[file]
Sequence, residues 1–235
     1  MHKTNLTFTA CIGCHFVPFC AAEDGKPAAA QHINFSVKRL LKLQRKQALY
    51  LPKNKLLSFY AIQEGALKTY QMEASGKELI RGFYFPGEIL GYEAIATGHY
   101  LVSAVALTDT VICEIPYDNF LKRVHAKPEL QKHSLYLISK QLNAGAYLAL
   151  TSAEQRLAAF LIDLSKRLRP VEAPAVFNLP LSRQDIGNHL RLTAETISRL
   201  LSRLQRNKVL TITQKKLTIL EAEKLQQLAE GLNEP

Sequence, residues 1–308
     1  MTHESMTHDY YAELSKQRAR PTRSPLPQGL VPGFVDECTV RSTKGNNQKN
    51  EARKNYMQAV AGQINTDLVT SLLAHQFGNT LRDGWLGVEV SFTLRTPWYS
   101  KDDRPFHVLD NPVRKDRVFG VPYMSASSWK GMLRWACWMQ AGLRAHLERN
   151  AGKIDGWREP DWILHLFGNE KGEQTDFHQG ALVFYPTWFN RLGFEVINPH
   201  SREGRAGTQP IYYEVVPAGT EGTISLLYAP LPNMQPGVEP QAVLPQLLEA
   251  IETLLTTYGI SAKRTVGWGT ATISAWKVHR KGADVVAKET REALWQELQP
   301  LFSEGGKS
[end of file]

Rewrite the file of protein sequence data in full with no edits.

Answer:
Sequence, residues 1–235
     1  MHKTNLTFTA CIGCHFVPFC AAEDGKPAAA QHINFSVKRL LKLQRKQALY
    51  LPKNKLLSFY AIQEGALKTY QMEASGKELI RGFYFPGEIL GYEAIATGHY
   101  LVSAVALTDT VICEIPYDNF LKRVHAKPEL QKHSLYLISK QLNAGAYLAL
   151  TSAEQRLAAF LIDLSKRLRP VEAPAVFNLP LSRQDIGNHL RLTAETISRL
   201  LSRLQRNKVL TITQKKLTIL EAEKLQQLAE GLNEP

Sequence, residues 1–308
     1  MTHESMTHDY YAELSKQRAR PTRSPLPQGL VPGFVDECTV RSTKGNNQKN
    51  EARKNYMQAV AGQINTDLVT SLLAHQFGNT LRDGWLGVEV SFTLRTPWYS
   101  KDDRPFHVLD NPVRKDRVFG VPYMSASSWK GMLRWACWMQ AGLRAHLERN
   151  AGKIDGWREP DWILHLFGNE KGEQTDFHQG ALVFYPTWFN RLGFEVINPH
   201  SREGRAGTQP IYYEVVPAGT EGTISLLYAP LPNMQPGVEP QAVLPQLLEA
   251  IETLLTTYGI SAKRTVGWGT ATISAWKVHR KGADVVAKET REALWQELQP
   301  LFSEGGKS